A federal appeals court in San Francisco ruled Monday that prosecutors can use cellphone-location evidence in the upcoming trial of a cousin accused of joining an underage girl’s parents in murdering her alleged pimp.
Antonio Gilton of Los Angeles is one of four people accused in federal court in San Francisco of the murder in aid of racketeering of Calvin Sneed, 22, of Compton, in San Francisco early on June 4, 2012. Sneed was killed in a drive-by shooting as he was driving near the Bayview District home of the parents of a 17-year-old girl he had allegedly pimped while she was in Southern California. He was on his way to pick up the girl, who had returned to her parents’ home.
The parents, Barry Gilton and Lupe Mercado, and a fourth defendant, Alfonso Williams, are also charged with the murder. Antonio Gilton is Barry Gilton’s cousin. The four are due to go on trial in the court of U.S. District Judge William Orrick on May 7.
Prosecutors have alleged that cellphone-location data showed that Antonio Gilton was in the area at the time of the murder. Police gained the evidence after receiving a court-ordered warrant to search his phone. Gilton contended the warrant wasn’t justified and the evidence should be excluded because police at the time had no reason to suspect he was in San Francisco during the murder.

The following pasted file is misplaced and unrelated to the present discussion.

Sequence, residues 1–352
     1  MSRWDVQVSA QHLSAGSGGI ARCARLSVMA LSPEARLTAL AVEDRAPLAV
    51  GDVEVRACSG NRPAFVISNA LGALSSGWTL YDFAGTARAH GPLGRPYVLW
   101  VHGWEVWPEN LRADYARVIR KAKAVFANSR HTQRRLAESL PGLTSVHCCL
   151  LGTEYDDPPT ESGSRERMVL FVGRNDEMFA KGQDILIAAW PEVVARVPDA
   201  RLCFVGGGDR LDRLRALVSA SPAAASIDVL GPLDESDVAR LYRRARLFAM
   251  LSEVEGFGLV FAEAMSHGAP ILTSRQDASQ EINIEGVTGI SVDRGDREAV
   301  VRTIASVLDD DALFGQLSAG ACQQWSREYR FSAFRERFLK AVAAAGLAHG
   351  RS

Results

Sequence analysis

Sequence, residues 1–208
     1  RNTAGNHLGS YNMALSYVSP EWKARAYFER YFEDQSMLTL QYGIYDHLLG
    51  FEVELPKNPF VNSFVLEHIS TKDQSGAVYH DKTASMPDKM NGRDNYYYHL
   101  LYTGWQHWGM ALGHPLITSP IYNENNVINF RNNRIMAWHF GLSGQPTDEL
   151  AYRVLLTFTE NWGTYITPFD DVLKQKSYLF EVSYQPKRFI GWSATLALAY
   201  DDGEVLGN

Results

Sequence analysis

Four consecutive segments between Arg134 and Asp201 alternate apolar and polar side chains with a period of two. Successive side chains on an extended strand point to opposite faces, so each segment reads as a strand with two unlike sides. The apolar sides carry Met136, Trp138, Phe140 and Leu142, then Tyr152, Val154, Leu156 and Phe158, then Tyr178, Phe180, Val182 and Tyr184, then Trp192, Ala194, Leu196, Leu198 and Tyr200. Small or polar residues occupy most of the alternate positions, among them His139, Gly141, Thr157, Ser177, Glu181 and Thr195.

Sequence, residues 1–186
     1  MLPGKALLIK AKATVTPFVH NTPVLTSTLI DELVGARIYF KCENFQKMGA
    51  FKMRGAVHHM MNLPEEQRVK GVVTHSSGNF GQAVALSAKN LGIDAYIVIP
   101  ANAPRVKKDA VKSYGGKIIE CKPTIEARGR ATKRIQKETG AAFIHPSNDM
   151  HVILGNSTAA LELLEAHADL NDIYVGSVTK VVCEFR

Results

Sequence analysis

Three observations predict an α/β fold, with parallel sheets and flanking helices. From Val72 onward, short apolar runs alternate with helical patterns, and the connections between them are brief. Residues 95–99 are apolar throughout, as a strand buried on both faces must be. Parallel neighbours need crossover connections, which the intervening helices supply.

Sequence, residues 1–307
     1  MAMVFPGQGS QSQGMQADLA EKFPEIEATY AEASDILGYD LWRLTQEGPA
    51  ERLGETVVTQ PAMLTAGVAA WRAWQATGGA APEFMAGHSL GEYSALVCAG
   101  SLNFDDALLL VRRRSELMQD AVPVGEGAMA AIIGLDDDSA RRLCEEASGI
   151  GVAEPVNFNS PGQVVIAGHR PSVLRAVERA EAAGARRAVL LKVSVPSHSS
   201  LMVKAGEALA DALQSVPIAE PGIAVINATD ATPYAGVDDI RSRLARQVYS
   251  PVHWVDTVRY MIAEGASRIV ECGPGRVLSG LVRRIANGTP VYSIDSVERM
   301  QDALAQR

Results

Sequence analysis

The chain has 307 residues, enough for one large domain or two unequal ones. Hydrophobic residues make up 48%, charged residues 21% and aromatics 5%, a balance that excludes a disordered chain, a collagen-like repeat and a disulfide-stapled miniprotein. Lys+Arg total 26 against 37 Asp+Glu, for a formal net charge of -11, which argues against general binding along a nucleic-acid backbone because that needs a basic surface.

But a 9th U.S. Circuit Court of Appeals panel said by a 2-1 vote that although police lacked probable cause to obtain a warrant, they acted in good faith under standards set by the U.S. Supreme Court, and the evidence could be used.
The defendants were originally charged in state court, but federal prosecutors took over the case after those defendants and seven others were indicted on charges that included racketeering in connection with a Western Addition gang known as the Central Divisadero Playas.
The two Giltons, Williams and one other defendant in the May 7 trial are accused of racketeering conspiracy. In an earlier trial, five members of the gang were convicted last year of racketeering conspiracy and two were additionally convicted of other murders. One other defendant pleaded guilty to a racketeering conspiracy charge.